Good start IMO and it's possible to do most of that today, very little technology required, just a mandate to make it happen.
Before long I wouldn't be surprised if your computer has to prove it has a firewall and A/V running before being allowed on the web, just like needing proof of insurance to drive a car on the road.
| 7:51 pm on Oct 4, 2009 (gmt 0)|
The reason I look at it with a "well, there's more money wasted" view is I think an approach similar to Moncao's, where it's sort of an eat what you kill type mentality, would be the most effective. Unfortunately, that's also pretty much the exact opposite philosophy of most public sector positions.
After having worked for a primarily government project consulting firm, the next government organization I see that has a top priority other than increasing and protecting their own budget and jobs will be the first.
| 10:34 pm on Oct 4, 2009 (gmt 0)|
|protecting their own budget and jobs will be the first |
Can't help but agree... few things I've seen done at the Federal level dealing with citizens/consumers accomplishes anything except their own bureaucratic growth... such as the Department of Energy (1977, now with a budget of $24.2 B/yr), with generally dismal results. I hope the 1k experts actually do a job, not create another bureaucracy we can't afford!
| 1:17 am on Oct 5, 2009 (gmt 0)|
Whats with all the government bashing here? These 1,000 heads are greatly needed and if anything will benefit the private sector by accelerating some of the projects that are held up mostly because there aren't resources to make them happen on the infrastructure & security side. (speaking from experience).
Its also terribly naive to think its as simple as a .htaccess.. the security checklist and scanning is a lengthy process. I've done it on just some oracle database clusters i built and it was enough to drive any security aware admin insane at just how fine grained they control access and priveledges.
However what it comes down to is people power to respond to attacks as well as people power to be pro-active on threats - any and all of them.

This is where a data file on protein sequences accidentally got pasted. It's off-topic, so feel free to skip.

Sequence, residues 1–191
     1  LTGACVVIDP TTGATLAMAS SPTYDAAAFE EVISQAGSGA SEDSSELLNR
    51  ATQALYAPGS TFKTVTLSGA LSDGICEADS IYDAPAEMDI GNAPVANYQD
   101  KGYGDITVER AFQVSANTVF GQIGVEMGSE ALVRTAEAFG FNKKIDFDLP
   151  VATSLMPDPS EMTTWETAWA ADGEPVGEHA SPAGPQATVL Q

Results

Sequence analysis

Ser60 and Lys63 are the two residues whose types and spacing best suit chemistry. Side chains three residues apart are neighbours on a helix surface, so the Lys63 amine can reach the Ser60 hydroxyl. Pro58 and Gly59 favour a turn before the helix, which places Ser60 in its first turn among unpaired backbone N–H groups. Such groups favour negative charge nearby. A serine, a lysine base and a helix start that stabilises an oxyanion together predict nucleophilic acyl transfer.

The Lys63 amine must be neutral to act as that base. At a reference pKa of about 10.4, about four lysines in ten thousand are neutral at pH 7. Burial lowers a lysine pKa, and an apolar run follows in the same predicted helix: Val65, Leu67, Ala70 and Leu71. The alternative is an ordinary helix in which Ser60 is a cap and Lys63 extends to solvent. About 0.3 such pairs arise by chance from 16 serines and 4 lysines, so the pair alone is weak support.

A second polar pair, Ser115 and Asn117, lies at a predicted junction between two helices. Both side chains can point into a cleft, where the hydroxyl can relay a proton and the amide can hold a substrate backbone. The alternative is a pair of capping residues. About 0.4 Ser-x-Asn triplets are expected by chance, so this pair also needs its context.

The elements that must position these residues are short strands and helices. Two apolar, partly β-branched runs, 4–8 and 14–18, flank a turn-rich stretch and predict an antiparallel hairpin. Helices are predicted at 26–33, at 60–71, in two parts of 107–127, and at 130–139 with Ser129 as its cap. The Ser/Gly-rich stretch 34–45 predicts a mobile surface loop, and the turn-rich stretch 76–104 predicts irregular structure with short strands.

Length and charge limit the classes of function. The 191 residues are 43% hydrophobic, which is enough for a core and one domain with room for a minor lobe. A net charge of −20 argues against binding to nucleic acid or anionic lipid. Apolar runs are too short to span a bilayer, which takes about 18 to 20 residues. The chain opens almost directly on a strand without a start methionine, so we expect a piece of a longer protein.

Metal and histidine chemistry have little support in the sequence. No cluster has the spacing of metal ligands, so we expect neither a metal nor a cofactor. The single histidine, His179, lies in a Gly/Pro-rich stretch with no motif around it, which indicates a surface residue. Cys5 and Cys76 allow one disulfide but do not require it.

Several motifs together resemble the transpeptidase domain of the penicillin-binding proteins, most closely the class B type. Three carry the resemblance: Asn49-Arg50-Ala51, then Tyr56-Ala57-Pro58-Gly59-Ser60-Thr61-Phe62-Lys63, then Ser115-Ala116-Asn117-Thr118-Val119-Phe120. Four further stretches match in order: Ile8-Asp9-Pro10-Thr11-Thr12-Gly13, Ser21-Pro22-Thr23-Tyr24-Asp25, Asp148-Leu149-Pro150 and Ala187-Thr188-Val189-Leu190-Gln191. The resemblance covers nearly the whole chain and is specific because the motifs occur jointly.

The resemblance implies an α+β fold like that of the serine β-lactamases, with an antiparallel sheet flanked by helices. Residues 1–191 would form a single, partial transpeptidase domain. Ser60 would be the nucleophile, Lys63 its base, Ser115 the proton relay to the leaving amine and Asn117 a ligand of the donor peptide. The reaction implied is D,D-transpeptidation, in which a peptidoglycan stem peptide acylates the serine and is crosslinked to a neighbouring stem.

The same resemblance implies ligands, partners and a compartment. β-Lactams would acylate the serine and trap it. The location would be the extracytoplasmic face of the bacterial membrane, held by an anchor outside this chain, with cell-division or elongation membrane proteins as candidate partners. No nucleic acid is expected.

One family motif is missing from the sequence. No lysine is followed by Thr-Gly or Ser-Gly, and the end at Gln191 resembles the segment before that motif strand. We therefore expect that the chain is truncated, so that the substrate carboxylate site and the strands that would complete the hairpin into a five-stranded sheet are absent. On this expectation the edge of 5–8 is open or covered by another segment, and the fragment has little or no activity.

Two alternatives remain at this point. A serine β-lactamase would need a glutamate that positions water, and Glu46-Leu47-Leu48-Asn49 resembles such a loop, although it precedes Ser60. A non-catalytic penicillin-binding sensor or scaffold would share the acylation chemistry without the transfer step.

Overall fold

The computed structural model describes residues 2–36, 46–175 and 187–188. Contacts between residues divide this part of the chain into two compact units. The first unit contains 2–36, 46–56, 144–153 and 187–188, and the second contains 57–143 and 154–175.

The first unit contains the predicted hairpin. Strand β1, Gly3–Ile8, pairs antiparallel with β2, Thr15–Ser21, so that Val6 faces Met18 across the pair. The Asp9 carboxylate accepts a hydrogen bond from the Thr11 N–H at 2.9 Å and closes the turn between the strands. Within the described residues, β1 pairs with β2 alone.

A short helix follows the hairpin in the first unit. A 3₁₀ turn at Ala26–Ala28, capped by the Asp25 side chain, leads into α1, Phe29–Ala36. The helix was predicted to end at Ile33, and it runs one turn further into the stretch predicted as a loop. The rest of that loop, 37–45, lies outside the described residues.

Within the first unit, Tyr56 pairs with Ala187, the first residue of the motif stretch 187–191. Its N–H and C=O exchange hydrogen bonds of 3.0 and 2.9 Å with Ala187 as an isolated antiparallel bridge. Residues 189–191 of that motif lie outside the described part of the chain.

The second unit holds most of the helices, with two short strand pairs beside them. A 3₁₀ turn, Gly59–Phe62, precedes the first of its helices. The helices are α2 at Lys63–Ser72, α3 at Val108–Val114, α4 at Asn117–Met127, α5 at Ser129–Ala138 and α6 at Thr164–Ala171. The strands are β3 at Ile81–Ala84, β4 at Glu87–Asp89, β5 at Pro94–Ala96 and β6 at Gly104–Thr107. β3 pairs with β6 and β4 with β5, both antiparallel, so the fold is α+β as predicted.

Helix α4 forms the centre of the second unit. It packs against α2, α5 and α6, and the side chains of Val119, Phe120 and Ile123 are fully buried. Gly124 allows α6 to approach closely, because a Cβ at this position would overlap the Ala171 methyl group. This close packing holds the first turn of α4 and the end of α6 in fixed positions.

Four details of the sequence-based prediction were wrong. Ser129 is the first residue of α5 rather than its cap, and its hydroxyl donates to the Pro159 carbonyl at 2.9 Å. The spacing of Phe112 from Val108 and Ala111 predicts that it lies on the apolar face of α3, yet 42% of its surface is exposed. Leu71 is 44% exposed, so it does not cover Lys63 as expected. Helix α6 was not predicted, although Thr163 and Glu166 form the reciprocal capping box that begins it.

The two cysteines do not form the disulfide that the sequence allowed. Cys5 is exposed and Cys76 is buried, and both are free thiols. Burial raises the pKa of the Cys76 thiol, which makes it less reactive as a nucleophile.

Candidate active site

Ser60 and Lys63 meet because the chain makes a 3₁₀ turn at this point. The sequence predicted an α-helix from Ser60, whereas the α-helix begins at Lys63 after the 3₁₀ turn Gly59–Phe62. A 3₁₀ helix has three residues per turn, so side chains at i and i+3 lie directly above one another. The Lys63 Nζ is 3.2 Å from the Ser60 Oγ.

So i'm glad to see 1k jobs opening up
| 2:40 am on Oct 5, 2009 (gmt 0)|
IMHO this is as little about defense as "Department Of Defense" usually is, or to put it directly; not at all. All of you seem to have forgotten the news from a few months ago that the Pentagon would embark on a new cyberwarfare strategy involving an attack force that could ie. shut down enemy infrastructure and/or communications (eg. web sites that happen to post the wrong version of current events). So, these are tomorrows cyber-terrorists - only, they get paid by the US taxpayer.
For internet security as a whole, as well as overall privacy - this is not a good thing at all. It should be seen in the context of the other massive privacy infinging activities the various US secret services undertake, using monstrous databases, data-mining and surveillance at a very fine grained level. A lot of knowledge about these programmes can be found in the open, it's no big secret. With this new army of hackers they may be able to steal the data that they are not given voluntarily.
Just my 2 cents.
| 3:40 am on Oct 5, 2009 (gmt 0)|
|With this new army of hackers they may be able to steal the data that they are not given voluntarily. |
That scares me more than adding to the payroll. Where does it stop? If I write something about the problems I perceive with the government and they decide they don't like it they should have the right to intrude into my network and computers without a warrant? It's a pretty slippery slope.
The money needs to go to making the law catch up with the technology, hardening our existing networks, and motivating the employees we already have to do something other than play LAN games all day.
| 9:32 am on Oct 5, 2009 (gmt 0)|
--- LAN games all day --
I thought it was good ol' chess at 11 and checkers at 3:30(when the sig break is over) and some PowerBuilder & FoxPro 2.1 vs DotMatrix Print Drivers debugging as overtime....
| 1:42 pm on Oct 5, 2009 (gmt 0)|
claus, good point. we don't need another 2000 blogs / websites promoting Manistream Media's point of view. And that would be a more likely way they are going to handle "security".
On the plus side, I DO see how hiring consultants (especially foreign consultants) is dangerous on the government level...we don't want to see NORAD stand down next time around...sorry not getting political. So if they indeed will hire quality personnel that will handle simple tasks ...it would be a boost. Now...if only they fired 1000 incompetent workers in exchange....